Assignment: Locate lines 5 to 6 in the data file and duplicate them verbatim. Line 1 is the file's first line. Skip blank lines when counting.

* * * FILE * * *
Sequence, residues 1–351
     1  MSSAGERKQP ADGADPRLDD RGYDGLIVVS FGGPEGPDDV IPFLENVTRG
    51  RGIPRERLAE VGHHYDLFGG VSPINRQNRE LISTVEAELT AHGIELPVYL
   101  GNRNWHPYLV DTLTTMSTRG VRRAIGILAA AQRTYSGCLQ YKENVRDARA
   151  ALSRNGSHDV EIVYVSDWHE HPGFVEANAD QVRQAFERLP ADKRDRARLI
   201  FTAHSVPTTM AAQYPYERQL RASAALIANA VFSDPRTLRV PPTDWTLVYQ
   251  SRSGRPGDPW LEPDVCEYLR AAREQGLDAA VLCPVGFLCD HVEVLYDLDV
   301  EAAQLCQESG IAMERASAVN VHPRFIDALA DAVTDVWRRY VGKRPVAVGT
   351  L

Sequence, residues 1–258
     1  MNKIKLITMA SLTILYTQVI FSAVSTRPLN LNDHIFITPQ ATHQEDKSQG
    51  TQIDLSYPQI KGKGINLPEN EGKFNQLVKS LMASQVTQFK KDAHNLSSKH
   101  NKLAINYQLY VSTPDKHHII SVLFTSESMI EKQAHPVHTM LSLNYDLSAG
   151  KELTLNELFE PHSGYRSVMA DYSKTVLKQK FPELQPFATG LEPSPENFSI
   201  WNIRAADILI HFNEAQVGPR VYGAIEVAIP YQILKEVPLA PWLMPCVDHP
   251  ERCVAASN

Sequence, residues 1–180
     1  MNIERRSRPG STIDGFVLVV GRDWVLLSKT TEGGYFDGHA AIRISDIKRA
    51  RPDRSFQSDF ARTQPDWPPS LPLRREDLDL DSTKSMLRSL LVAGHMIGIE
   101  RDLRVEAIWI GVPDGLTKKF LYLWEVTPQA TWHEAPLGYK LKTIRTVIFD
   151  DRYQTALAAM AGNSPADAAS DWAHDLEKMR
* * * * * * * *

   151  ALSRNGSHDV EIVYVSDWHE HPGFVEANAD QVRQAFERLP ADKRDRARLI
   201  FTAHSVPTTM AAQYPYERQL RASAALIANA VFSDPRTLRV PPTDWTLVYQ